Friday, June 02, 2006
Smell Those Trees or A "Twin Peaks" Guide
It was a marvelous moment, a rare event embedded in memory. I had received a review copy of the pilot episode of "Twin Peaks" in early 1990. Already a fan of filmmaker David Lynch, I was greatly skeptical he would make anyting worthwhile just for television How very wrong I was.
Within minutes of starting the tape, I was ushered into a neo-gothic surreal television mystery, with ghostly music and bizarre language. It was the start of a cultural milestone. As many reviewers later said, the character of Laura Palmer was an instant American icon because she arrived dead to TV screens, and the mythmaking of why and how and who was a central focus of the show.
I was in a rather feverish state of mind as I carefully took that videotape to a friend's house to make sure this program was as exceptional as I thought. We watched, called over more friends, and watched it again. Like millions of other TV watchers, we gathered in groups to watch every episode and debate every oddity of language and image. And the women, too, we talked a lot about them. Shelly and Audrey and Donna.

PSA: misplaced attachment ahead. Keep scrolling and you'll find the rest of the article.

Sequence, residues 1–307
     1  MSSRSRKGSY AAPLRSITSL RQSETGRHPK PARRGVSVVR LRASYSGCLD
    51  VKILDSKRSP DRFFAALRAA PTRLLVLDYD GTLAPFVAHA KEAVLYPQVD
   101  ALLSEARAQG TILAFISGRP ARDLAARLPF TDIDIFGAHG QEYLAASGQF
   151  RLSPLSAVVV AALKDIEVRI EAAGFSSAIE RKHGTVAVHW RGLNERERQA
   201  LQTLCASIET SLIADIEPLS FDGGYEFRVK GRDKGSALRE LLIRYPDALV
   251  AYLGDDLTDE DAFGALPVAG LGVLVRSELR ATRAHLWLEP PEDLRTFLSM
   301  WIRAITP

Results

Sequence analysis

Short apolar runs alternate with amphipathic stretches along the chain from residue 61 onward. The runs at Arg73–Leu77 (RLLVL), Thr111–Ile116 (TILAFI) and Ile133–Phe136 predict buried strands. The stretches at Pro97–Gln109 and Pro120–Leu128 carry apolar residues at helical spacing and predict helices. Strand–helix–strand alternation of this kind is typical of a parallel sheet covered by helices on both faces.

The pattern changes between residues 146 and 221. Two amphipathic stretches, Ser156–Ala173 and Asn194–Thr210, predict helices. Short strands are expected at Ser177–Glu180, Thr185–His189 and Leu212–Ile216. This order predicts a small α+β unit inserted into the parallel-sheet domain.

I still have that screener video. Wouldn't part with it for anything.
Today, via MetaFilter, I found a website that offers an episode guide that so far, seems very well researched and has fascinating commentary. Here's a sample:
"But the legacy remains, more striking with each year that passes. The immediate effect was very noticeable—for a brief period, surrealism and experimentalism were suddenly acceptable on American television. Shows like Eerie, Indiana and Wild Palms (both overseen by film directors, Joe Dante and Oliver Stone respectively) attempted to cash in on the craze for all things weird, with varying degrees of success. The show that scooped up most of Twin Peaks’ hungry fans must have been The X-Files, shoehorning familiar Peaks-inspired weirdo FBI agent antics into a more straightforward Sci-Fi serial format to enormous popular acclaim. In recent years the genre-blending aspect of Twin Peaks has been felt time and again, in shows such as Chicago Hope (hospital drama/soap/comedy), Firefly (western/Sci-Fi) and perhaps most notably Lost (mystery/thriller/Sci-Fi/etc.)."
Link to it here. (Note: It is worth remarking that David Duchovny, star of X-Files, was first featured as a cross-dressing FBI agent in Peaks.)
Smell those trees. Have some coffee and a slice of cherry pie. Don't go into the woods. Leo needs new shoes. Break the code, solve the crime. "Laura ... Laura!"